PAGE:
This post originally appeared on the Charters & Choice blog.
Ohio Gov. John Kasich signed a bill over the weekend overhauling the state’s charter-school law.
House Bill 2, which was passed by the legislature in early October, revamps the way the state regulates charter schools, which both anti- and pro-charter groups blame for corruption, financial mismanagement, and poor academic outcomes among some of the charter sector’s schools.
“While we are proud of Ohio’s high-performing charter schools, there are too many that haven’t been serving our kids with the quality they deserve,” Kasich said in a statement. “Making sure that our kids aren’t stuck in failing schools has been a priority and this bill will profoundly benefit our children.”
Kasich, a Republican, has been a strong supporter of the bipartisan push to retool the state’s charter laws. He called on lawmakers to make it a priority following the release of a study from the Stanford University Center for Research on Education Outcomes (also known as CREDO) last December. That study found Ohio charter school students were making less academic progress than their traditional district school peers.
The new law requires in-depth financial and academic reporting from schools and management organizations, stops charter schools from switching authorizers—called sponsors in Ohio—to avoid getting shut down, and prohibits poorly rated sponsors from opening new schools, among other provisions.
But state lawmakers’ success in finally passing the bipartisan bill has been somewhat eclipsed by an announcement from the U.S. Department of Education that it plans to give Ohio more than $70 million over the next five years to expand high-performing charter schools in the state. The money will come from a competitive federal grant called Charter Schools Program.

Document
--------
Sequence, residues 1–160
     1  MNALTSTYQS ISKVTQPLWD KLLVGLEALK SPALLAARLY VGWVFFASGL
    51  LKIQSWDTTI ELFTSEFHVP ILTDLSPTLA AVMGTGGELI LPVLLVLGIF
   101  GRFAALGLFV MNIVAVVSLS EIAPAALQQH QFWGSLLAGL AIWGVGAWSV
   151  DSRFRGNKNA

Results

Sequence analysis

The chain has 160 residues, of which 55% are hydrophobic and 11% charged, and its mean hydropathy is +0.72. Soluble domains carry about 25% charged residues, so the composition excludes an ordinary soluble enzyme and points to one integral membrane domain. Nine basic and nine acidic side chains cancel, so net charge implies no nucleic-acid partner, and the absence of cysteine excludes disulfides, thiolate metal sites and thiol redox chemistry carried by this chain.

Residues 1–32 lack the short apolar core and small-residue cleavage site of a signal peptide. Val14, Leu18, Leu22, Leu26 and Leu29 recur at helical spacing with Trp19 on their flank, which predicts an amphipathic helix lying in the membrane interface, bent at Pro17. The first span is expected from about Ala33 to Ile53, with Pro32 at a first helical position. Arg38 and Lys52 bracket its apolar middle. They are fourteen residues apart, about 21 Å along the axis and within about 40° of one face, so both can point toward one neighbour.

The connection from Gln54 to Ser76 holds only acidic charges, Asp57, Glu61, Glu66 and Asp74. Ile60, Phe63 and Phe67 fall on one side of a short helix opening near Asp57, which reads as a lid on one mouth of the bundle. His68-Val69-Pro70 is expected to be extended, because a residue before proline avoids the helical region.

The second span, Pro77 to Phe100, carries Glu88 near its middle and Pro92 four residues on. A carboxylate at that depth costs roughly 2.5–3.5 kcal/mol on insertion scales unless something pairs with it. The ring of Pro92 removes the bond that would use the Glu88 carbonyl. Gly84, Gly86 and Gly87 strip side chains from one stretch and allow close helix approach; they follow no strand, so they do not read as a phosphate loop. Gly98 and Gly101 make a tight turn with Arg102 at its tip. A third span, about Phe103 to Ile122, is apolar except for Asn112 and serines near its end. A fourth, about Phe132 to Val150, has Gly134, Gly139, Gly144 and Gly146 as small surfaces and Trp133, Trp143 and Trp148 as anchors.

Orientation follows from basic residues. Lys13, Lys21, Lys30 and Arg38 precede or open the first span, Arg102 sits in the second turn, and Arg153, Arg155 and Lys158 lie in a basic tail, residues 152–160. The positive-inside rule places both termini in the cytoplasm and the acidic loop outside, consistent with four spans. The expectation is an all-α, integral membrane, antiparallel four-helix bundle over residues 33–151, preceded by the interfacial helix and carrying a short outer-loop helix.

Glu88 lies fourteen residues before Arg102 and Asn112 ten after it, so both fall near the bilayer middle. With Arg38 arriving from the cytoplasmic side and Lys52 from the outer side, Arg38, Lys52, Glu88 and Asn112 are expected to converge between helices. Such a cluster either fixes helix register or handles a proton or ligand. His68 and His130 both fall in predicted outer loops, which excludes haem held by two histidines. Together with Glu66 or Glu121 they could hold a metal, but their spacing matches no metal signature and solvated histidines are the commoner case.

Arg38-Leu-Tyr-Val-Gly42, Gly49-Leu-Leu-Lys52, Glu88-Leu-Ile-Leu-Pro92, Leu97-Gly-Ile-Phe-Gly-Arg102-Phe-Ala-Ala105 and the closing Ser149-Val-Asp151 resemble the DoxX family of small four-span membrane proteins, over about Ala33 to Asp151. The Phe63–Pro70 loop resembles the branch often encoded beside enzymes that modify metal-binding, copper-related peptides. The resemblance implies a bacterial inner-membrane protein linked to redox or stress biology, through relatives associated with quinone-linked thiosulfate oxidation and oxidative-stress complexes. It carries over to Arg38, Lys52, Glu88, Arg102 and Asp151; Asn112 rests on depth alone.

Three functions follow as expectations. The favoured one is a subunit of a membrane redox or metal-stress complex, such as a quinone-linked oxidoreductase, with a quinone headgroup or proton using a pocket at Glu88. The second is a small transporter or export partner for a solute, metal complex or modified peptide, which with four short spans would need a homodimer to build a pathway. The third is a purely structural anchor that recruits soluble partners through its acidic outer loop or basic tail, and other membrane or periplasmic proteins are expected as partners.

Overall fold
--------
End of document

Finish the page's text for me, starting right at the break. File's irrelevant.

Some, including former and current lawmakers and the state’s auditor, fear an infusion of cash at this time could exacerbate current problems.
“I would want to make sure our reforms are in place before we pour any more money into Ohio’s charter schools,” Ohio Rep. Kristina Roegner told me for a recent article I wrote this issue. (Roegner’s a Republican from northeast Ohio and one of the co-sponsors of the bill.) “Once the reforms are in place, and we get the bad apples out, then by all means, let’s grow it,” she said.
- Education Dept. to Charter Schools: Here’s Millions in Grants, Be More Responsible
- Ohio’s School Choice Director Resigns After Omitting Failing Grades
- Online Charters Lead to ‘Lessened Academic Growth,’ Study Finds
Photo: Republican presidential candidate, Ohio Gov. John Kasich speaks during the CNBC Republican presidential debate at the University of Colorado, on Oct. 28, in Boulder, Colo. —Mark J. Terrill/AP
A version of this news article first appeared in the K-12 Parents and the Public blog.